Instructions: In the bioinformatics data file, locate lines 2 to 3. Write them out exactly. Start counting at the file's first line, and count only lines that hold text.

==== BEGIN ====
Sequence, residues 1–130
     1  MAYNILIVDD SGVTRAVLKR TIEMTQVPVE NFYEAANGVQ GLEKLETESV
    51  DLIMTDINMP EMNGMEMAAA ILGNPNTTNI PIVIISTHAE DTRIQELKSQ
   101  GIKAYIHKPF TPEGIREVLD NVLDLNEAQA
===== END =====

     1  MAYNILIVDD SGVTRAVLKR TIEMTQVPVE NFYEAANGVQ GLEKLETESV
    51  DLIMTDINMP EMNGMEMAAA ILGNPNTTNI PIVIISTHAE DTRIQELKSQ